Hixson, Associate Vice President for Continuing Education, Training and
State College, North Dakota (2013 Coleman Action Grants Awardee)
State College (BSC) has established an Office of Innovation as a way to foster
a culture of innovation campus wide. These practices can be applied to creating
a culturally rich entrepreneurial community as well.
In 2007, we implemented the Office of Innovation with the
mission to create a culture of innovation for faculty, staff and students. Innovation at BSC must be employee driven, so
it became important to approach this new culture as an organizational change. BSC
made changes that were clearly connected to our culture not only in operations,
systems, and procedures but it also tied innovation to our campus strategies,
values, mission, and vision. We used
three talking points to communicate that innovation was part of this cultural
change on campus.
- Innovation is important to BSC and to you,
- Innovation is everybody’s job, and
- Innovation can be learned.
This same cultural change approach can be used to
incorporate entrepreneurship into your campus and community and our 2013
Coleman Action Grant project is an extension of this in that we are working to Create or Expand Internal & External
Teams Dedicated to Entrepreneurship. But
before you embark on a series of activities or program you must ask yourself
“is your organization ready?” On a continuum, assess whether “your organization
wants to be entrepreneurial”
on one end to “your organization is entrepreneurial” on the other end. In
helping you assess, ask yourself, do you have operations, systems, and
procedures that prevent or discourage entrepreneurial behaviors? Or do you have
operations, systems, and procedures that encourage or require entrepreneurial behaviors?
you have operations, systems, and procedures that prevent or discourage
entrepreneurial behavior you can begin to change the culture within your
organization along four distinct and important levels. At each level you address
the ability to “impact” the organization’s capability to change culturally. The
higher the levels number the more impact the activities will have on the
organization. That said, the lower the number the easier it is to implement
within the organization with relatively minimal time commitment.
our advice and some potential activities to consider at each level:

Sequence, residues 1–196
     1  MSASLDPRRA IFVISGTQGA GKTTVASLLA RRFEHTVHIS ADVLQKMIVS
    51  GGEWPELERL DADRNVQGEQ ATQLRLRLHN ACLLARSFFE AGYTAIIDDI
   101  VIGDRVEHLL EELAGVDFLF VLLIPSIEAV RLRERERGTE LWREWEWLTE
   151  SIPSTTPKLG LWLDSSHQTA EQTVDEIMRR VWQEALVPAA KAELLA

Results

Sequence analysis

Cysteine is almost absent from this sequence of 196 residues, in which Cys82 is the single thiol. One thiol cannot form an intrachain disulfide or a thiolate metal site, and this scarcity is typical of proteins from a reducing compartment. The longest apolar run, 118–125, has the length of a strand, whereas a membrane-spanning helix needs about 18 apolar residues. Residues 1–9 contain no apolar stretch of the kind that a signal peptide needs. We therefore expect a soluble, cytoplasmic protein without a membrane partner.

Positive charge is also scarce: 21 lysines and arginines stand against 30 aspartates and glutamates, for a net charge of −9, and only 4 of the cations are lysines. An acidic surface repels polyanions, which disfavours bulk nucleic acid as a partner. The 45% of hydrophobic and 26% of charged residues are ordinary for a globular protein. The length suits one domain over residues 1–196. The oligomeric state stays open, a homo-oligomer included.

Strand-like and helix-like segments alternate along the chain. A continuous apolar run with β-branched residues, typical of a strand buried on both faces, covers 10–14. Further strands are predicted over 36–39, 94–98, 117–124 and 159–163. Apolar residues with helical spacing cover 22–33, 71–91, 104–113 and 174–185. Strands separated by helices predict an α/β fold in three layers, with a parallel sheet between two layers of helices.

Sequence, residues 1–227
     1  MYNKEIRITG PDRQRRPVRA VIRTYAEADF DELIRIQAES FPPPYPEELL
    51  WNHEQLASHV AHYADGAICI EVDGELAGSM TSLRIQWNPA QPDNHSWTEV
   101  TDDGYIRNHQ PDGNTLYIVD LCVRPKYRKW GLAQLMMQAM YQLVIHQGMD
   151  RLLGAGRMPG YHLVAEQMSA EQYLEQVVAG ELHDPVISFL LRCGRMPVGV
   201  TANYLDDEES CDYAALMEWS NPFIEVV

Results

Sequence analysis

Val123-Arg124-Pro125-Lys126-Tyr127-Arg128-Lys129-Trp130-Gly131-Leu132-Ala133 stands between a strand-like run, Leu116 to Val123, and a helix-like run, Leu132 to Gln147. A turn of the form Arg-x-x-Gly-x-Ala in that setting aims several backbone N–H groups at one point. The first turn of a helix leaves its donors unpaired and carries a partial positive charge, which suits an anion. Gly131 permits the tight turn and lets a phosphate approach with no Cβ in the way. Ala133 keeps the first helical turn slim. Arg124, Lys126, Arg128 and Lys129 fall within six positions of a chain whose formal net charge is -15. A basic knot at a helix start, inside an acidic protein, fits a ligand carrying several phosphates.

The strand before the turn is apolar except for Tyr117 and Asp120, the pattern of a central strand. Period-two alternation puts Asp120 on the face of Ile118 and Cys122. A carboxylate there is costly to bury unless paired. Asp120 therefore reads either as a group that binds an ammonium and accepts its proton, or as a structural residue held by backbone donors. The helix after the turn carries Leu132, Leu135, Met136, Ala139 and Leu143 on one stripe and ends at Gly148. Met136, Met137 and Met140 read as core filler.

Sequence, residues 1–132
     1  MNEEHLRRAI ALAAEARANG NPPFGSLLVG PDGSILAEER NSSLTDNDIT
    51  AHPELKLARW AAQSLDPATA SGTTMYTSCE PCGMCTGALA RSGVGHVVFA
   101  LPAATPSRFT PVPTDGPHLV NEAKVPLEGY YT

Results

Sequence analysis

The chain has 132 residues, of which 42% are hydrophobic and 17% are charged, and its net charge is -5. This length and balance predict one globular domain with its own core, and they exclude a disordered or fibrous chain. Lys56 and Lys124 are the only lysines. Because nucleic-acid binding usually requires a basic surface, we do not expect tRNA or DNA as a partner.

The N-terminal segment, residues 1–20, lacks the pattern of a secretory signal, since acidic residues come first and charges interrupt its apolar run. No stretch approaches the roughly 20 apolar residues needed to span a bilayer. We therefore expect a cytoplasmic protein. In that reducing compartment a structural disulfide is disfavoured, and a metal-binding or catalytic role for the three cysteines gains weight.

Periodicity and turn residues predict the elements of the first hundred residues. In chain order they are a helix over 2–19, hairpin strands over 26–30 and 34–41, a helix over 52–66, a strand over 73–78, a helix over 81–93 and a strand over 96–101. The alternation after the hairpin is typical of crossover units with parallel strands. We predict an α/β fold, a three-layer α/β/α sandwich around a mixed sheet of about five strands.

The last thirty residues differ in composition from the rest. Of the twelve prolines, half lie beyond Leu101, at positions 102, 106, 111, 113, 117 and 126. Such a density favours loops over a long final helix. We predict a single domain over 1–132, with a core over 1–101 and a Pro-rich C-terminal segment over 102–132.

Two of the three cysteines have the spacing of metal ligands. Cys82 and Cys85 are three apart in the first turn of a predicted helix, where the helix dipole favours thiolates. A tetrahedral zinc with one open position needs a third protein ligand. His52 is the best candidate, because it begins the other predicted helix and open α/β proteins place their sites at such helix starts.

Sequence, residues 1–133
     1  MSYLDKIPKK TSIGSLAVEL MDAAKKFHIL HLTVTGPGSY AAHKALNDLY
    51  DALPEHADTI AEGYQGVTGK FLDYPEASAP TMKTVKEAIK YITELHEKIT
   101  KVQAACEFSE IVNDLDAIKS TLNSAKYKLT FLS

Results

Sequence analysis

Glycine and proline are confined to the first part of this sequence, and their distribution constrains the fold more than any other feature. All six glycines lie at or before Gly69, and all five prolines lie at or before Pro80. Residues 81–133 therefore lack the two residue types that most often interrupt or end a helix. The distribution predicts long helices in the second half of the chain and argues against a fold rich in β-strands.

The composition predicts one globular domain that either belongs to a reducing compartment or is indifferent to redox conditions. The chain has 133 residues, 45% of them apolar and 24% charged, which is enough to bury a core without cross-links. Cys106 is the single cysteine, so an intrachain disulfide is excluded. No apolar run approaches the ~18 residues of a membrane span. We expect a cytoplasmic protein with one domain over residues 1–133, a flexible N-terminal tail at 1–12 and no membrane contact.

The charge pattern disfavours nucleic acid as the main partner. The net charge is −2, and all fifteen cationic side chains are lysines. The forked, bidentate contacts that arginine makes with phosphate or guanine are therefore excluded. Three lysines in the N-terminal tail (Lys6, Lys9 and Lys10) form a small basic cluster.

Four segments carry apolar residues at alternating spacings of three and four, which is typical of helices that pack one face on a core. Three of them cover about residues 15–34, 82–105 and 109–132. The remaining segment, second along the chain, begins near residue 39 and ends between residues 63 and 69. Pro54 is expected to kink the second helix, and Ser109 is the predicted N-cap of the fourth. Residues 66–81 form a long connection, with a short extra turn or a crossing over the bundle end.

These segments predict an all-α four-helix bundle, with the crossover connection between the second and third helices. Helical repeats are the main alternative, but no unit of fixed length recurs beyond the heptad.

goals and measurements specific to operations, policies and procedures that
reinforce desired changes.
a physical environment that reinforces the changes.
include: leadership commitment to entrepreneurship announcement, a “kick off” event
and a campus wide project.
an organizational structure that will reinforce operational changes.
rules and policies that hinder performance of new methods and procedures.
new rules and policies that reinforce entrepreneurship activities
include: an operationally “flat” campus, employee empowerment training, implementation
of LEAN office, establish a process to bring ideas forward beyond traditional
Activities to consider:
current training with training that reinforces desired behaviors.
goals and measurements that reinforce the desired behaviors and provide rewards.
recognize and reward employees who change.
new rewards and recognition that reinforce the desired ways of operating.
ceremonies and events that reinforce new ways of doing things, such as awards
ceremonies and recognition events for teams and employees who achieve goals or
successfully implement changes.
Examples include: training, a certification program,
incorporating expected behaviors into job descriptions and performance reviews,
entrepreneurship ceremony with individual and team recognition and awards.
Level Four: Values & Norms
Activities to consider:
new customs and norms that reinforce the new ways.
communication that reinforces the new customs and norms.
multiple channels of communication to deliver consistent messages before,
during and after changes are made.
include: An annual dashboard report, individual employees recognizing others
for entrepreneurship activities, regular updates to administration and through
internal campus communications, and establishment of an external advisory group.
journey in campus-wide entrepreneurship, we’ve learned that change within an
organization takes time. Activities at each level provide a way for individuals
to see entrepreneurial success in the short run and into the future. By
applying these same principles to entrepreneurship, it can become an integral
part of any culture.